While most of us know that flying is the safest mode of transport, we still feel that sigh of relief when the plane has made its landing on the runway and we can text our loved ones that we have arrived safe and sound. Accidents may be rare, but they’re often shocking and horrific and accompanied by the loss of many lives. Unfortunately, they also tend to make the news, which only heightens fear.
In this blog post, we look at the dangers related to flying from a cybersecurity perspective. As we know, cybercriminals are motivated mostly by money, power, and ego—and messing with air traffic and air traffic control can boost any of those factors. While the majority of these cybersecurity incidents result in data breaches, make no mistake: Attacks on this vital infrastructure could lead to much more grim consequences.
Air traffic control
Air traffic can roughly be divided into four general categories:
- Public transport
- Cargo and express freight
- Military operations
- Smaller aircrafts (recreational, training, helicopters, and drones)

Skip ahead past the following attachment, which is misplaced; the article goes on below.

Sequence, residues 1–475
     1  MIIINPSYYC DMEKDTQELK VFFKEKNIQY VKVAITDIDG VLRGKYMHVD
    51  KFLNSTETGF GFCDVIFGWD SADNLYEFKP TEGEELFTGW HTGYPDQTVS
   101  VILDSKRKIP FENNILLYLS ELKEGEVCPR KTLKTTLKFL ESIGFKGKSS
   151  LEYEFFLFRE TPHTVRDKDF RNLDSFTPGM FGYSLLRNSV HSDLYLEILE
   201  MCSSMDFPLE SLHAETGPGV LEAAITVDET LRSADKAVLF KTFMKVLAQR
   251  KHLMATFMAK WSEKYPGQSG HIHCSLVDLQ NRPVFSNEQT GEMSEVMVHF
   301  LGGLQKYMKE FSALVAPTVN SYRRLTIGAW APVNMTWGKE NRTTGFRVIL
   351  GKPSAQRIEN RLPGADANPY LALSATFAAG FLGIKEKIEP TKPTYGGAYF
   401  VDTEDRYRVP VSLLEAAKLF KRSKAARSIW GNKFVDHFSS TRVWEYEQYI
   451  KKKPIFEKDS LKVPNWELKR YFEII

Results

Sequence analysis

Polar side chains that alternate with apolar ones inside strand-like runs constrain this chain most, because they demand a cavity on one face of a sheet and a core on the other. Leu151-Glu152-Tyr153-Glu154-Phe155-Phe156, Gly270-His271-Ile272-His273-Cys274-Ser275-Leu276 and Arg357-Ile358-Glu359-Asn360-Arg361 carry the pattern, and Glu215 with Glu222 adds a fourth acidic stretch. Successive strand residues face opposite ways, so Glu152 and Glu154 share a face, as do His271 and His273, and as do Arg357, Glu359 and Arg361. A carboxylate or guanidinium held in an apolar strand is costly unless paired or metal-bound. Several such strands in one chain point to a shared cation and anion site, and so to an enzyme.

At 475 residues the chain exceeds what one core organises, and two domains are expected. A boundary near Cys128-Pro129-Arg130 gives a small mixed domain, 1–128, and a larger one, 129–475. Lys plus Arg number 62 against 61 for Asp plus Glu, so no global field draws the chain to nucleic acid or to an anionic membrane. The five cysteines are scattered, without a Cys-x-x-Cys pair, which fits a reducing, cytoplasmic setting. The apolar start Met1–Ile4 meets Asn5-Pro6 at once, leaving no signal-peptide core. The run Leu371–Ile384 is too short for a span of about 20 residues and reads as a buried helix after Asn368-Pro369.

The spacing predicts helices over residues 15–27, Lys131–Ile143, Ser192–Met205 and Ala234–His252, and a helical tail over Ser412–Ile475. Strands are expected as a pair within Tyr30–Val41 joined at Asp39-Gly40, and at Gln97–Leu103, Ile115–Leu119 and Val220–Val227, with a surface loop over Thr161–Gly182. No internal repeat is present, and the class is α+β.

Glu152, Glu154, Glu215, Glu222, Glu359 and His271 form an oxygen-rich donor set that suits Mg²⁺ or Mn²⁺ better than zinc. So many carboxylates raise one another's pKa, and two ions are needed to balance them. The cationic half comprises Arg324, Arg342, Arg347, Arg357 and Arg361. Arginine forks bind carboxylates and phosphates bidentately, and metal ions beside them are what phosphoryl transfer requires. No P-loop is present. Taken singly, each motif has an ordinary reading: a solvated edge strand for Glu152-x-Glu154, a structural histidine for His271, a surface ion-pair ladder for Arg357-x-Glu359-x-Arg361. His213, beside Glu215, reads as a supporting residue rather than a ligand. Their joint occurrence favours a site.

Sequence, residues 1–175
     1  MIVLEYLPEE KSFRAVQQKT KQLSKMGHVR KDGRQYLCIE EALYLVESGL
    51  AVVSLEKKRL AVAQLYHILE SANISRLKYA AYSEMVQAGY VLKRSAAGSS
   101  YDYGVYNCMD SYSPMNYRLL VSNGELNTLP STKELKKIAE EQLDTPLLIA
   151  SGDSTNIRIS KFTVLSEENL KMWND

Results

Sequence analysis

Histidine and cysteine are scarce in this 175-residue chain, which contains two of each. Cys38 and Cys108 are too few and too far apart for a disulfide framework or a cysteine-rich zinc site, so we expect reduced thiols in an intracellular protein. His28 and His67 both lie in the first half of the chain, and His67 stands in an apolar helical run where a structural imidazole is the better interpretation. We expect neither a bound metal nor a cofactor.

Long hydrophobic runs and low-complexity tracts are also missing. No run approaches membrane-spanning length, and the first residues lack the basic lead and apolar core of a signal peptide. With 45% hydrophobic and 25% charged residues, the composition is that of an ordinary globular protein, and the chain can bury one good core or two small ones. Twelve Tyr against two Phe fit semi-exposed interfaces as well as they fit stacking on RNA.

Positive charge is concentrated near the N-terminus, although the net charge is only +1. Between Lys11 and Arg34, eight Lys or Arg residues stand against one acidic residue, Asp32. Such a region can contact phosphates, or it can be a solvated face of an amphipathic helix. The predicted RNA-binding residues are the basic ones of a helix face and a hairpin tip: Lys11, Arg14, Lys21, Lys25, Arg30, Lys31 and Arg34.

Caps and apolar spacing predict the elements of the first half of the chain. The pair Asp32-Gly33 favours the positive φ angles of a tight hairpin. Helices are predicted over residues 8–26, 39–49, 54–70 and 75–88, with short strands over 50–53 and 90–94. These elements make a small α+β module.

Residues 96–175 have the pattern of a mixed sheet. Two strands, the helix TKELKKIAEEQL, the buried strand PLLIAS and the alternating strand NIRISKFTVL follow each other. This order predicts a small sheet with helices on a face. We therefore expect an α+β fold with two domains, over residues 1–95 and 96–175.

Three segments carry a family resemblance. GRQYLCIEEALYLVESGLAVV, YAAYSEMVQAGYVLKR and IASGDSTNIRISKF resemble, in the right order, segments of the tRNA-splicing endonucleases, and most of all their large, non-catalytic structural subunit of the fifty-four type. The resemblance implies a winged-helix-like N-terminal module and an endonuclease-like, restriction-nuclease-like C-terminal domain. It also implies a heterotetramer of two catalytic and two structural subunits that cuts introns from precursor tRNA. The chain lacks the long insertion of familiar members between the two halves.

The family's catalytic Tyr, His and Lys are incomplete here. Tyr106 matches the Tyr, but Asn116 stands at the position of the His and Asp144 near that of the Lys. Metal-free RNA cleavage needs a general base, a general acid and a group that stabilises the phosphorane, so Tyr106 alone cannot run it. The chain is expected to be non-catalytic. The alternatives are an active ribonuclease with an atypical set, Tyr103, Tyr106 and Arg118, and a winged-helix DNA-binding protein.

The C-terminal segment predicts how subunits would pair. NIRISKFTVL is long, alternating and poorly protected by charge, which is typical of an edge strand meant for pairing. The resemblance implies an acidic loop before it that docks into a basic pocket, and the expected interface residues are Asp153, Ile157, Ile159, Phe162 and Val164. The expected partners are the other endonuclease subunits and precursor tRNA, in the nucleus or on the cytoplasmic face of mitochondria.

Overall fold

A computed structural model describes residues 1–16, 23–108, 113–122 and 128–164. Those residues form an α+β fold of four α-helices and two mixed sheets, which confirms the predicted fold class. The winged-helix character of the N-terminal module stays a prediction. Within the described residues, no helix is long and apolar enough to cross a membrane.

Organizations like the ATO and EUROCONTROL manage the air traffic across entire continents, communicating with commercial and military bodies to control the coordination and planning of air traffic in their designated territory. These organizations work closely together, as there are many intercontinental flights that pass from one territory to another.
Air traffic control organizations need to react quickly to incidents, and their instructions should be followed to the T. They need flawless communication to work properly, as they are crucial to maintaining the normal flow of air traffic. Therefore, these organizations and their related systems are heavily computerized. This makes them primary targets for cyberattacks.
Using airlines as a means of public transport brings with it certain security-related dangers. Online bookings have led to many data leaks. Recently we have learned about breaches at Cathay Pacific, British Airways, Arik Air, and Air Canada. Some of these breaches were website hacks. Others only concerned users of mobile apps.
Another privacy-related cause for worry is the type of information displayed on an airline ticket or boarding pass. Some people post pictures of their tickets on social media, and the Aztec codes used on those tickets are easy to decipher. This can provide a threat actor with a wealth of personally identifiable information, such as payment method, confirmation numbers, names, and addresses.
Travelers should also pay extra attention to spam that comes in looking convincingly like a ticket confirmation. This type of spam has been around for a few years, and is usually easy to discard—except when you actually happened to have booked with the same airline being spoofed.